07.12.12 Truth & Wisdom
My nemesis, when I was 9, was also called Janey. One day she whispered something in my ear as we were leaving the lunchroom, and for the first time, I felt a stabbing pain of injustice. I can no longer remember what she said (it was probably something like ‘you smell of poo’) but I remember thinking it wasn’t true but it could be perceived to be true and I didn’t know what to do to stop her from telling everyone else and being laughed at. I saw red. I leapt out of my seat and jumped on her. We pulled each other’s hair for approximately 5 seconds until we were separated and promptly sent to the headmistress. I was disciplined; she wasn’t. The injustice continued. Luckily, this behaviour didn’t escalate too badly and I managed to stay out of her way for the next two years – but I was shocked by my reaction and my world had changed forever.
At senior school it happened again, but the second time I knew better than to snap and I kept my head down, shutting out the taunts and staying in my dormitory at all times except for lessons. I read a lot of books during that time and learnt to play the Twin Peaks theme tune on the piano. I was lonely, but it wasn’t so bad. Then one day it came to a head when the girl in question stole my brand new cowboy boots from my locker and took them to the common room. She was making everyone laugh about how stupid I was for wanting to be like an American. As I tried to snatch them back, the red mist rose again and I pounced.
This time, the scuffle was broken up by her squirting peppermint mouth spray into my eyes, temporarily blinding me and making me run to the nurse. Okay, I know that stuff isn’t lethal and I may have exaggerated my injuries slightly, but it ended the fight and strangely, she left me alone from then on. I was very lucky that my bullying experience was restricted to a few incidents – I think I would have had to be a much stronger person to withstand it for longer. There is a place that you have to go to in your head, a cocoon that you build around yourself and I think even today I am still chipping away to get rid of it completely.
The other day, I was walking with a friend in Soho and a young, well-dressed man and his girlfriend barged between us. The conversation went like this:
Me: (surprised) Ooooh!
Him: (copying me, taunting) Oooh! Oooh, listen to her, Oooh Oooh Oooh Oooh.
Me: (unwisely) Okay, shut up, you freak.
Him: (shouting) Yeah right, you wanna lose some weight, love. Look at you with your big fat belly wobbling under your dress. It’s disgusting, and look at your big fat ass! You are so f**king fat! Yuck! Put that belly away – you’re disgusting. Hahaha!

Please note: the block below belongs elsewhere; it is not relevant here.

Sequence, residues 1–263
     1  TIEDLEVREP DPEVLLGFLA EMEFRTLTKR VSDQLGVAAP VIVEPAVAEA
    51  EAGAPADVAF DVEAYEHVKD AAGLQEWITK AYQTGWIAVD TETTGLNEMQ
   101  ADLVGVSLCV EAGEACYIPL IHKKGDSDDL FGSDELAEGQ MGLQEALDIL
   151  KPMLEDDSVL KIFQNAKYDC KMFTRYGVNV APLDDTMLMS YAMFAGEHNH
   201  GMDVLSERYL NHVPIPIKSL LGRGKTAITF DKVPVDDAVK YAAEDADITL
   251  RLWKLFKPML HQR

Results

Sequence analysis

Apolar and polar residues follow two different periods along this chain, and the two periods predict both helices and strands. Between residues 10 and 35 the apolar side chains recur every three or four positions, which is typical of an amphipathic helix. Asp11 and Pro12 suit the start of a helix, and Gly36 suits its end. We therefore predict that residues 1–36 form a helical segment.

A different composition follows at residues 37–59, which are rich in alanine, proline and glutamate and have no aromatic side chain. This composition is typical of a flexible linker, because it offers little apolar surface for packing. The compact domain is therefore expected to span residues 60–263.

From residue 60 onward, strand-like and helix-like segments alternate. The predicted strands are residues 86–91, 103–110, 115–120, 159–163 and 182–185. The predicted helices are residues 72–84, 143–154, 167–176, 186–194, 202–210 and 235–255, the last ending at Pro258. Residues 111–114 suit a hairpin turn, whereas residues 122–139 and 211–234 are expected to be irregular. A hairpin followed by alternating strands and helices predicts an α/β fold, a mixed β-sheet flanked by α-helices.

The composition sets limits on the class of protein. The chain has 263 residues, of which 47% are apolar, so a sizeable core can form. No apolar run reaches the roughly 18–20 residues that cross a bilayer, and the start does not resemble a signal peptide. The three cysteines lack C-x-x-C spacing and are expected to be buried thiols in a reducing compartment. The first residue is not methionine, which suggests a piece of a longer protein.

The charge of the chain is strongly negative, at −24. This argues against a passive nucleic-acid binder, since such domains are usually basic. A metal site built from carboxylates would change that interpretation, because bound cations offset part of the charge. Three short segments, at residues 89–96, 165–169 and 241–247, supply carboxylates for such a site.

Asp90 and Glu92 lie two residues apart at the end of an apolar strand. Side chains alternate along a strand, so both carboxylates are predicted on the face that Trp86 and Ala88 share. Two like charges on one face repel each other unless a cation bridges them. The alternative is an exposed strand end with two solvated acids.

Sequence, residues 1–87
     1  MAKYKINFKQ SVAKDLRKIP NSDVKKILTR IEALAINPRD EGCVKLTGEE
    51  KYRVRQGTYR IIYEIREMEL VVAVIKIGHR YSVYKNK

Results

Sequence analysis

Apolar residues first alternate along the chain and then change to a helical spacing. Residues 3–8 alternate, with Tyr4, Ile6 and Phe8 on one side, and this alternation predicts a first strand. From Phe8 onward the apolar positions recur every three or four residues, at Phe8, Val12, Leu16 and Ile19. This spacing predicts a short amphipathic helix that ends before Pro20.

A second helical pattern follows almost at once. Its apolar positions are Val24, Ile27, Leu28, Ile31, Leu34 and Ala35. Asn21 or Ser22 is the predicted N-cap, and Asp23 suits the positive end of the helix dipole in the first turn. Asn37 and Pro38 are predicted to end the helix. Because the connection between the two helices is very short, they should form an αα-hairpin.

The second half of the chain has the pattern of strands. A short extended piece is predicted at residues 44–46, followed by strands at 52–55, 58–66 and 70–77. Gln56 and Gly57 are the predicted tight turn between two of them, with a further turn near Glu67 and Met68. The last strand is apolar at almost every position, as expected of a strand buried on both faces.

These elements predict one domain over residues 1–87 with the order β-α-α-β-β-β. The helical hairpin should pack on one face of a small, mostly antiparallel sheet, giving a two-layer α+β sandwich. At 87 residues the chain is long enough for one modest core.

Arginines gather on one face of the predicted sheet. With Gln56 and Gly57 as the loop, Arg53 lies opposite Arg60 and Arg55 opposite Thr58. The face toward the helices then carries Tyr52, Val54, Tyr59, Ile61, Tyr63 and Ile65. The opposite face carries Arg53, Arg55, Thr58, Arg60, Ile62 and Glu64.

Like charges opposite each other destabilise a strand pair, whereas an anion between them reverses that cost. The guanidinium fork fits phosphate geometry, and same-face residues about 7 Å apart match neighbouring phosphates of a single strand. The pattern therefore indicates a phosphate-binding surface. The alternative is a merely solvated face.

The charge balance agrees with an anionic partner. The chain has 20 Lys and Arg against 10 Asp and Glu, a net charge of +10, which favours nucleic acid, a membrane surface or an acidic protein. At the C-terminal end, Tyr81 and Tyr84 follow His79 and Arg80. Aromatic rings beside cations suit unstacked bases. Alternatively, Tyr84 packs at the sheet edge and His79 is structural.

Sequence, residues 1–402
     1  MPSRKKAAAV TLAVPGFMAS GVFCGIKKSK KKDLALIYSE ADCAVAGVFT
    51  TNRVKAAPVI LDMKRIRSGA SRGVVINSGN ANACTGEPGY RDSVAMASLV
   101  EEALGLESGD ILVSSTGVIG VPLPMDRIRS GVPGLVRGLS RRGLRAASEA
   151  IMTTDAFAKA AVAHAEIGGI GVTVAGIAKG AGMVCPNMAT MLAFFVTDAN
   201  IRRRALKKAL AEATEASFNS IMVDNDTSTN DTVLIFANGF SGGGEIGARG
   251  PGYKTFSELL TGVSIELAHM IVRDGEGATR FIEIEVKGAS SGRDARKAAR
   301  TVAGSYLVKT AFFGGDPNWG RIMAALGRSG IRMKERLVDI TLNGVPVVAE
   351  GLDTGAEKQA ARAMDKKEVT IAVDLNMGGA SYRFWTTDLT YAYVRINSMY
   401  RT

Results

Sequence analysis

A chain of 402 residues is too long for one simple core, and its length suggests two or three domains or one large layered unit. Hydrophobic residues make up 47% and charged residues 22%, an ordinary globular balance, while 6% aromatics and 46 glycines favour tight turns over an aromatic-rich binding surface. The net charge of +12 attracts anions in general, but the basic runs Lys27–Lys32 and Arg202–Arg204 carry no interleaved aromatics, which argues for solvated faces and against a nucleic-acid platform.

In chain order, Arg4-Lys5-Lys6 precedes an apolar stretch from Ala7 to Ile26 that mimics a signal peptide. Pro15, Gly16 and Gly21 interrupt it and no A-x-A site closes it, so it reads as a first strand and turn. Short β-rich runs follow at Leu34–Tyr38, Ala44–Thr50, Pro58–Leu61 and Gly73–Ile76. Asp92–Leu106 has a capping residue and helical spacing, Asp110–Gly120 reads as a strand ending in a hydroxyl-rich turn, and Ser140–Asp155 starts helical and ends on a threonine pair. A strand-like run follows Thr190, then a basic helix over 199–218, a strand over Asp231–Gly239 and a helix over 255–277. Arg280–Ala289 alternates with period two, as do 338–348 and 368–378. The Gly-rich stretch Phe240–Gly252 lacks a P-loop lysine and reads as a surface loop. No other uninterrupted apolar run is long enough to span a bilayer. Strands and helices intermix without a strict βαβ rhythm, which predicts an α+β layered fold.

Me: YOU F**KING C**T!
You’d think, being a writer, I might have come up with something a bit more inspired and articulate than that and I’m truly ashamed that I didn’t, but the red mist returned. His reaction to my stupid comment was so disproportionate, so hurtful, so personal, that I was shaking with anger yet powerless to do anything about it. I should mention that I had just spent three hours in the hair salon, was wearing a new dress which I thought was adorable and was on my way to a date. In a split second, that ‘man’ made me hate my body again. He had zoned in on my most sensitive insecurity and broadcast it to the whole street.
Anyway, I made it to the date that night and after a couple of glasses of wine, I decided to tell him what had happened. He was sympathetic, saying, “You’re not fat! What was he talking about?” I didn’t believe him. Later that night, he said, “You’ve got a gorgeous figure.” I still didn’t believe him. What part of my brain’s twisted wiring has decided that I can believe what a complete stranger shouts at me aggressively in the street, but I can’t believe what this nice man who wants to keep dating me says?
Despite now being a strong, confident woman, I’m not sure I am that different from the 9-year-old girl who first realised that people could be mean for no reason, and I was powerless to stop them. Contrary to the nursery rhyme, words can hurt, but this incident has made me realise that I only got hurt because I allowed myself to. That ‘man’ was probably filled with his own demons and self hatred and was projecting them back onto me. And he no doubt has a tiny willy, too.
Therefore, I have decided to interpret his words in this context, making them much less powerful and hurtful. So what if I’m a bit overweight? It’s just evidence of all the good times I’ve had and will continue to have. I’m sure I’m much healthier, both physically and spiritually, than he’ll ever be.
The truth is, sticks and stones probably won’t break your bones and words will only hurt you if you let them, it’s just a shame it’s not such a good rhyme…
Featured image by Dickon Farmar